Linda Lingo 20:24
Yeah, that’d be super stressful. And it’s like, oh, my gosh, am I doing this right?
Heather Pearce Campbell 20:28
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Heather Pearce Campbell 22:11
What else do you notice people getting wrong? A lot that could be simplified when it comes to money. Right? So I’m hearing you say save first, I think that’s a big one. A lot of people are out there paying bills first, probably second budgeting for fun, or even budgeting and then saving if there’s anything left out. Right.
Linda Lingo 22:33
Exactly. And, I put this my personal take, I think we’re in such a consumerism, society. You know, I always say, why do we buy toys to impress neighbors that we don’t like? And that’s our income creep, if you will, it’s easy, oh, I got a raise, oh, good. Now I can buy this toy, or I can do this or that. And it’s like, Oh, I gotta raise up my contribution to my retirement account first. And then do what you want to do with the rest, but don’t do it to impress people. And that’s one reason when I’m coaching women and couples, I actually, we go through an exercise called the Values Exercise. Because it need to know what your values are in life, so that you know what your relationship to money is. So that you know, if you’re in the dating scene, so you know what values you want this other person to have, if you’re looking for a business partner, you want a business partner whose values align with yours. So when you know what your values are, you can then set your financial goals in alignment with those values, and then you’ll follow through. And one of those is how, you know saving for retirement, what kind of retirement do you want to have? You know, and it doesn’t have to be extravagant, it can be, I want a simple cottage, it doesn’t have to be on the beach, I’d like to be water, you know, or in a small town, you know, whatever it is, and it can change. But once you can kind of visualize what you’re saving for. You can picture what it’s going to look like, it makes it a lot easier. I think it’s difficult for young people to save because it’s that immediate gratification. You know, it’s like, oh my gosh, I’m not going to be retired for 40 years. What the heck am I saving for? It’s like, yeah, but if you don’t start saving, you know, it’s going to come before you know it. Let me tell you the years fly by.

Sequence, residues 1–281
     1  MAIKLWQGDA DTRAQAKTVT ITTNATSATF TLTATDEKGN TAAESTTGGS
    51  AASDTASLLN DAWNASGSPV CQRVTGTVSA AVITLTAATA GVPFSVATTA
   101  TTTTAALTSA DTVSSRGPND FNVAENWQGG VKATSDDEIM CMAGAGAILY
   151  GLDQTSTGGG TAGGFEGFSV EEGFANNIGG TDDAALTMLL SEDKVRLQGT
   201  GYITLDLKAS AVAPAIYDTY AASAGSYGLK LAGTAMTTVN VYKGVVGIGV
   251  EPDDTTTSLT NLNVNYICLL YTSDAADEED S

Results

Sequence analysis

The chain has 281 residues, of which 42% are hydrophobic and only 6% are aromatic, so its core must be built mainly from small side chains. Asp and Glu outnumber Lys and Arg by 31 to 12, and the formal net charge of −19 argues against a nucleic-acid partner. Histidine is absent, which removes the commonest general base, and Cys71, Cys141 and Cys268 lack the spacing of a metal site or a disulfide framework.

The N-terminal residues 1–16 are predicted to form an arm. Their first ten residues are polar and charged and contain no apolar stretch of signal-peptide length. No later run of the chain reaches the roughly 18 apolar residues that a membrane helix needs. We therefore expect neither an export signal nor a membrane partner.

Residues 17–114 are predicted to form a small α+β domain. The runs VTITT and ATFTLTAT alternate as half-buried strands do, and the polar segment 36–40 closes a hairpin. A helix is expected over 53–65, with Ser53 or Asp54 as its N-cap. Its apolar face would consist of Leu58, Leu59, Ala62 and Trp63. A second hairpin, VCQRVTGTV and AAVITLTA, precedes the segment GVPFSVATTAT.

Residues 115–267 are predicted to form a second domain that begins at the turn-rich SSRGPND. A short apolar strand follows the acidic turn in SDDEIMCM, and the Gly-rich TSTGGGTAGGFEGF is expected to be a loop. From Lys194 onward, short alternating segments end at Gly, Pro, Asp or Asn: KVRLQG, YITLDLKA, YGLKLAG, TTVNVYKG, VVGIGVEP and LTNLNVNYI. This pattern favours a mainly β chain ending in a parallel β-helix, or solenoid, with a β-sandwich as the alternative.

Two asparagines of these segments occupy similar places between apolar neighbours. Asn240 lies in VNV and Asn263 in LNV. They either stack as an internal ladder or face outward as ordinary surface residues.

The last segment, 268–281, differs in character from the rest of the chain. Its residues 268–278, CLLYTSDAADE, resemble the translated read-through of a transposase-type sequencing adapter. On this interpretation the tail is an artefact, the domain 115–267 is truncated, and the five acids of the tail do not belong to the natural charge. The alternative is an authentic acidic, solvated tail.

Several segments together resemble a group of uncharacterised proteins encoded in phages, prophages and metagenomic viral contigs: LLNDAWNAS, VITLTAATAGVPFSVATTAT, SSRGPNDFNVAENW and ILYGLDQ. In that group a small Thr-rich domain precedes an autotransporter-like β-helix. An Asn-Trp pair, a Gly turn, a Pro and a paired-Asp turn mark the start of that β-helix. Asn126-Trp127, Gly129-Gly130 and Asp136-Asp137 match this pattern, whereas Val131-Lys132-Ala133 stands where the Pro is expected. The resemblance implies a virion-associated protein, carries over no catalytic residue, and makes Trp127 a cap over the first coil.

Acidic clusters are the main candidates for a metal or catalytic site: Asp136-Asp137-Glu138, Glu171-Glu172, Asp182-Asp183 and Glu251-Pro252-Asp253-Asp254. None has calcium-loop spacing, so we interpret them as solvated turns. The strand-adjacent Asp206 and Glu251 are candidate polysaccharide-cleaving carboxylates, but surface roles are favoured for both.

Linda Lingo 22:57
Right, don’t we know it? Yeah, well, and I think also this point around clarity, being clear on what you’re working towards. It’s so much easier to work towards something than to just like, follow rules for the sake of following them, you know, right? Because everybody knows they should see first everybody knows a few of these basics. Yeah. But I think the clarity is really important around where is the money going? What does it do for you in your life? And I think this is the conversation around values, right? Is it family time? Is it prioritizing travel? Is it putting aside money to donate every year? What is that? Right?
Linda Lingo 25:27